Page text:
At the JavaOne Conference, Mark Heckler, principal technologist at Pivotal explained some of the best practices...
for spinning up a new Internet of Things (IoT) application in the cloud quickly. His approach makes it easier to experiment with different use cases, which can be refined once their business value has been demonstrated.
As an example, Heckler explained how to build the basic framework for a renewable energy monitoring and control application. He built this for his house in St. Louis, but the same principles can be adopted for a wide variety of IoT applications that can be deployed to the cloud quickly.
The key thing is to create a software development tool chain that automates as much of the code generation as possible for both the IoT devices and the cloud back end. Spring Boot makes it easy to bring in a wide variety of services for communications, monitoring, databases and application logic. This starting template can be passed to Cloud Foundry to automatically generate code for different server platforms running in the cloud.
Keep the physical side of IoT simple
The physical side of IoT is important, but it constitutes only about 20% of the work that goes into creating IoT applications. Engineers and architects need to pay close attention to the back-end IoT software, Heckler said. This is where most of the value comes from.
On the physical side, Heckler recommends that the physical infrastructure should be fast and easy to configure. A minimal physical and logical footprint should support reliability, good communication options and standards. For example, Heckler's energy monitoring app used a physical infrastructure comprised of an Arduino board, Raspberry Pi gateways, and supported Wi-Fi and WebSockets protocols for communications.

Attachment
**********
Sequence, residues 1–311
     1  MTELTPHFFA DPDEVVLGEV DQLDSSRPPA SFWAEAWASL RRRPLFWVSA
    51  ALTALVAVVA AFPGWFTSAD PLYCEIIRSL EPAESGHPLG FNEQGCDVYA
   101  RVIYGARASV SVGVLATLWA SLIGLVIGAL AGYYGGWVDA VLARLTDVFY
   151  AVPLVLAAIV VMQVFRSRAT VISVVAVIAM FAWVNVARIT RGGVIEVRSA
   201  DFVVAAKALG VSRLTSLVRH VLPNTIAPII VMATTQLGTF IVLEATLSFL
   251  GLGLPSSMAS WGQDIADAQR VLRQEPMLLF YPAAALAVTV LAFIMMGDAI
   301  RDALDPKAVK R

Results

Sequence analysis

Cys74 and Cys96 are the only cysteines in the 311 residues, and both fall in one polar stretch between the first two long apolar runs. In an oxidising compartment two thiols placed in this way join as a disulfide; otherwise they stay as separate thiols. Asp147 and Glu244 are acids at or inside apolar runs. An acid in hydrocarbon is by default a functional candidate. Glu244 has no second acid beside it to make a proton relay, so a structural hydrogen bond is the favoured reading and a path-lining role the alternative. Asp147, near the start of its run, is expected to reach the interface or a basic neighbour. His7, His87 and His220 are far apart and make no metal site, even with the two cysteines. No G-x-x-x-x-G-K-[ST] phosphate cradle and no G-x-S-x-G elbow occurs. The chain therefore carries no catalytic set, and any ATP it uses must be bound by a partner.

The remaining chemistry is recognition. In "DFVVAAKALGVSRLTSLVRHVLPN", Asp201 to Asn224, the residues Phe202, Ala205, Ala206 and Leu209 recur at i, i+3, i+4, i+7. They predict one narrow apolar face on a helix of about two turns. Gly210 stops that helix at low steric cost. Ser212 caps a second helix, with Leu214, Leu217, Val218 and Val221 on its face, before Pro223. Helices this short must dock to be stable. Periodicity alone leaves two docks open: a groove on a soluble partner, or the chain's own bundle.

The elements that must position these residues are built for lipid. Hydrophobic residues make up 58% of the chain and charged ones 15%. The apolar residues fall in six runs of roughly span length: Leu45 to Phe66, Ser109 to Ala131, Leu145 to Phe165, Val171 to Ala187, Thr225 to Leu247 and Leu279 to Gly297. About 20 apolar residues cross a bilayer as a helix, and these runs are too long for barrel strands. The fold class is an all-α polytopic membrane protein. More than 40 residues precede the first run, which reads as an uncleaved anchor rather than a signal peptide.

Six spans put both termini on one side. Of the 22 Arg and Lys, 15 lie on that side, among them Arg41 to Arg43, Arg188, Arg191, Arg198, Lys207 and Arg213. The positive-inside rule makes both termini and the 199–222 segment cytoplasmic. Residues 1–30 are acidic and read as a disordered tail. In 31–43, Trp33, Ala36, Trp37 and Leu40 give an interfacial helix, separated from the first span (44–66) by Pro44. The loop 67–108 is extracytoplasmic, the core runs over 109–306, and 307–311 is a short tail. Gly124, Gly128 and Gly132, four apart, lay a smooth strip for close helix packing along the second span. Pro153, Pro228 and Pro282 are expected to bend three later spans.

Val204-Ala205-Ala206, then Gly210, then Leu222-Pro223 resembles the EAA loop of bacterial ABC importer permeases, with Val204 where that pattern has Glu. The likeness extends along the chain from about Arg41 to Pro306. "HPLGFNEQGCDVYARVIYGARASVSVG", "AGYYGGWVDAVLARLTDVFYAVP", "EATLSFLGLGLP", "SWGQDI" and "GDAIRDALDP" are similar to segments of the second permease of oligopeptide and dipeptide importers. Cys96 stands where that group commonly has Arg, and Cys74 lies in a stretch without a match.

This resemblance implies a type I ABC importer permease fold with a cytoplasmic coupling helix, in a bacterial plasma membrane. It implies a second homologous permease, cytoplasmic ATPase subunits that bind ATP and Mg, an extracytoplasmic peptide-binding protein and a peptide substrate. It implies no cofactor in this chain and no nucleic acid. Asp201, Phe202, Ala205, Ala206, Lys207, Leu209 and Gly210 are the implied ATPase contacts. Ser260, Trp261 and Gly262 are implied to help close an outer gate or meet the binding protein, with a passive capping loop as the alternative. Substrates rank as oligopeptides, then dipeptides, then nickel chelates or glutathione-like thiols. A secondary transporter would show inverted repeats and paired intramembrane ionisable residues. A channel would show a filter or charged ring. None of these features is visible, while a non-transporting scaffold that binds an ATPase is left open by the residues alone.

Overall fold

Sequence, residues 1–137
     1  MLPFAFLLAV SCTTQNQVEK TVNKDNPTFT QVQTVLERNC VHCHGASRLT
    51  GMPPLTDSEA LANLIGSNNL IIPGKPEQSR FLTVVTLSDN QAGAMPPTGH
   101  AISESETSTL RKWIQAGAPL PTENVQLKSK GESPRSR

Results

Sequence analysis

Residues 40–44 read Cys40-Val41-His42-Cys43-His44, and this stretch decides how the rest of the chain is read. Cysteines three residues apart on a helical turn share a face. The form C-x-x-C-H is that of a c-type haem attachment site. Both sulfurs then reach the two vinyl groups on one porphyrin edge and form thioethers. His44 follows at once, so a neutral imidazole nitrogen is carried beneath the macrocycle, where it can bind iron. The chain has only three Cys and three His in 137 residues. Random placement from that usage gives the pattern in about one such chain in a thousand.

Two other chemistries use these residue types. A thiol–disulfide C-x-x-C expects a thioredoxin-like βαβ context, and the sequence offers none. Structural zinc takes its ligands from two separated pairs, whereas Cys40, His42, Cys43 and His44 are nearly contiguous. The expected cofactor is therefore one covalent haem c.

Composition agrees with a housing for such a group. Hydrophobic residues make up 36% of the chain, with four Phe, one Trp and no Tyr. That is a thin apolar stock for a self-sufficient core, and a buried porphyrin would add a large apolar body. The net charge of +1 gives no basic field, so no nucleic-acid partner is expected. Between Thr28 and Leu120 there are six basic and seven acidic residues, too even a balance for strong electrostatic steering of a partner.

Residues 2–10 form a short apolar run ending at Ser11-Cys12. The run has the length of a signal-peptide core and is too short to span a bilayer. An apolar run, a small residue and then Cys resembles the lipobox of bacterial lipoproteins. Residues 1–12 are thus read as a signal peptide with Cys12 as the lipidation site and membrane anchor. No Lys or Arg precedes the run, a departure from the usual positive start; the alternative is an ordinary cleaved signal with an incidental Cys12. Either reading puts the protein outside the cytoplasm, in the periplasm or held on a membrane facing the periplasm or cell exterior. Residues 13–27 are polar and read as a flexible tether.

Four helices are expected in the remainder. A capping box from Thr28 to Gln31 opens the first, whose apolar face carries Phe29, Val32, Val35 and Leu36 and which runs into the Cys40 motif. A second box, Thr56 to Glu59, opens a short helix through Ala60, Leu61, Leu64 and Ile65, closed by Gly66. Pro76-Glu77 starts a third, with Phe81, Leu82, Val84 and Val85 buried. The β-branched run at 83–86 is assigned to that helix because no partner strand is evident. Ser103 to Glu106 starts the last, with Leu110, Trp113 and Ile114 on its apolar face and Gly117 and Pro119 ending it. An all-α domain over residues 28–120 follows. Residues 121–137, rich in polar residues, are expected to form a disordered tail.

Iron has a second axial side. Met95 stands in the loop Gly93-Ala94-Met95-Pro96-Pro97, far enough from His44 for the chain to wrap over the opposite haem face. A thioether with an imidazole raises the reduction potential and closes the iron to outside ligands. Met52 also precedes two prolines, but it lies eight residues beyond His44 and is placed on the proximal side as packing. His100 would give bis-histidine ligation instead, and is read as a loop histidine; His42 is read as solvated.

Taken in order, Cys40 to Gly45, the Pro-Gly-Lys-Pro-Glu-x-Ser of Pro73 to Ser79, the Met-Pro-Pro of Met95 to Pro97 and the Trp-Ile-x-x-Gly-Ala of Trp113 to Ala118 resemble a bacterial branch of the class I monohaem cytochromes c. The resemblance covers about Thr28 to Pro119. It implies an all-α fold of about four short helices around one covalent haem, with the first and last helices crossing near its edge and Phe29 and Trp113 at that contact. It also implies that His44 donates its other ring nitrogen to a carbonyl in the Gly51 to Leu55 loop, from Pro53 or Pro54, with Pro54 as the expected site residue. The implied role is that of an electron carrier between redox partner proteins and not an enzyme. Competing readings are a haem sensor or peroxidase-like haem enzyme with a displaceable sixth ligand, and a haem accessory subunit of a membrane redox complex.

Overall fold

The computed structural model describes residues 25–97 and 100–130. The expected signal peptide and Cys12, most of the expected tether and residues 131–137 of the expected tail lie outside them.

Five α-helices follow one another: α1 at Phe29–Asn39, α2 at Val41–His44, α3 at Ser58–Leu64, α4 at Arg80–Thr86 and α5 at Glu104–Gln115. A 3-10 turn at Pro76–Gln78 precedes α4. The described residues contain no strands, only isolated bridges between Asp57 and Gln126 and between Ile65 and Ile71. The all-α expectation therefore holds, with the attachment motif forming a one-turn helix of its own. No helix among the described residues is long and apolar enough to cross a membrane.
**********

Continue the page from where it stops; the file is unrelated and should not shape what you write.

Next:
Heckler said it is important to think about sufficient performance for the device rather than optimal performance, because better performance tends to require more processing power and complexity on the endpoint. This strategy means that most of the heavy processing needs to be done in the cloud. Heckler said the Arduino platform is a good choice for testing a proof of concept, but it lacks low-cost communication capabilities. He recommends adopting a Raspberry Pi as a node concentrator because it supports Linux and Java and has better low-cost communication options.
Focus on standards
As much as possible, Heckler said, you should build cloud IoT applications on top of existing infrastructure and tools that support standards. Heckler showed how he was able to spin up a cloud application environment for energy monitoring quickly using Cloud Foundry so that all interactions between the cloud-based portal, a node concentrator and separate IoT devices could communicate via REST and WebSockets.
Heckler used this approach to develop his renewable energy monitoring and controlling system in a short period of time. The application had inputs from various sensors and controls for cooling, heating and vents.
Configure as much as possible
Starting with a rich set of software tooling makes it easier to develop and redeploy an application architecture using different approaches so you can identify the best one, Heckler said. He has targeted GlassFish, WebLogic and WildFly servers with the CloudFoundry platform. Heckler said it is a better practice to target these servers using existing tools to generate code programmatically than to port existing applications across platforms by manually customizing code.